- Leading banks have appealed for help from regulators after as few as 10% of clients returned paperwork allowing them to trade smoothly in the event of a no-deal Brexit.
- According to Tom Newton Dunn for The Sun, DexEU officials have been studying a hi-tech blueprint drawn up by Japanese firm Fujitsu to keep the Irish border open for 10 months.
- British steel companies have been warned that they will face trade restrictions in virtually all their export markets in the event of a no-deal Brexit. However ministers have revealed that hauliers will be able to bring goods into the UK without facing checks at the border in a bid to avoid traffic jams if there is a no-deal Brexit.
- Liam Fox is considering a plan to remove tariffs on most imports if there is a no-deal Brexit, in a move that would keep prices low for consumers at the expense of British industries. The Financial Times has considered whether the use of technology, mutual recognition and trusted trader schemes could ensure a smooth border if no EU/UK trade deal is in place.
- The Financial Times reports that Union leaders are ‘at war’ over Brexit, with some open to overtures from Downing Street, and others insisting they should hold out for a second referendum.
- The UK Government has told businesses it cannot guarantee the British economy will be covered by ‘most’ of the EU’s global network of trade agreements immediately after Brexit, even if Parliament approves May’s divorce deal with Brussels. This is highlighted in the Lords’ EU Committee scrutiny of international agreements report.
- Due to Brexit uncertainty, homeowners are looking to remortage their homes.
- The Government has awarded an £800,000 contract to Slaughter & May for advice in case Eurotunnel takes legal action over the impact of Brexit.
- An official warning has been issued to the Institute of Economic Affairs after the Charity Commission found that IEA trustees breached charity law by publishing a report seeking to change post-Brexit Government policy.
- In Project After, overseen by Sir Mark Sedwill, secret plans are being drawn up to slash taxes and cut tariffs if the UK leaves the EU without a deal to boost the economy.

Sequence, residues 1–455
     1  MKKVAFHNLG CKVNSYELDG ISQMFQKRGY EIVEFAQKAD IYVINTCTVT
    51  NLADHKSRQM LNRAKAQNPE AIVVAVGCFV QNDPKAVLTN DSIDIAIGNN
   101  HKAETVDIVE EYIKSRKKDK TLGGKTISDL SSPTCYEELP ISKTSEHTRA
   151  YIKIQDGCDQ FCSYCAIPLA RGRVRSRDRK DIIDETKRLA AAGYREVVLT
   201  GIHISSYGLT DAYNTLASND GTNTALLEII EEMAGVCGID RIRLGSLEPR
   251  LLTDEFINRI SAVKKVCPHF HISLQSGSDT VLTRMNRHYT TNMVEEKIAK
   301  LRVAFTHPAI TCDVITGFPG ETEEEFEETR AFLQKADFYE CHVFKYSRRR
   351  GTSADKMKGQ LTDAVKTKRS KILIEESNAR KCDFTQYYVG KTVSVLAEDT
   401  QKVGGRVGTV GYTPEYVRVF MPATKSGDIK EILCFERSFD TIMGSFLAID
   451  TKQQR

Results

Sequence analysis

- US lawmakers have warned that the UK must ensure a ‘soft’ Irish border if London wants to secure a trade deal with Washington further clouding Theresa May’s hope of boosting British trade after Brexit.
Brexit as it affects Practice Areas:
Competition and Regulatory
The UK competition watchdog, the CMA, is bracing itself for a jump in workload post-Brexit, as it will have to make its own assessments in cases which were formerly under the EU’s remit.
The House of Lords Library has published a briefing in advance of the second reading of the Healthcare (International Arrangements) Bill, which is to set out healthcare arrangements post-Brexit.
The Association of the British Pharmaceutical Industry has published work aimed at ensuring that patients and public health are central to Brexit negotiations, and that UK Life Sciences is in as strong a position as possible as the UK establishes a new relationship with Europe.
The European Commission has published a paper of questions and answers relating to Brexit with regard to the medicinal products for human and veterinary use within the framework of the Centralised procedure.
The Government has been warned that hundreds of single parents and carers could be swept up in the Home Office’s ‘hostile environment’ immigration policy unless they are given fresh guarantees on their post-Brexit rights.
Shadow Brexit Secretary Sir Keir Starmer has stated that Britain should not get ‘stuck on’ ending the free movement of EU workers after Brexit.
Human Rights, Equality and Discrimination
Simulations run by the German Development Institute have found that Brexit could put 1.7 million people around globe into extreme poverty, with Cambodia most affected.
Norway’s Government is advising its citizens against studying in the UK because of Brexit, in a warning that will fuel concerns from universities about falling enrolment from Europe.
The Department for Environment, Food and Rural Affairs has issued guidance on exporting and importing fish if there’s no Brexit deal.
The Department has also issued guidance on changes that may be necessary to areas including energy renewables, the nuclear industry and regulated carbon emissions when the UK leaves the EU.
The Ministry of Justice has issued guidance on family law disputes involving the EU post-Brexit.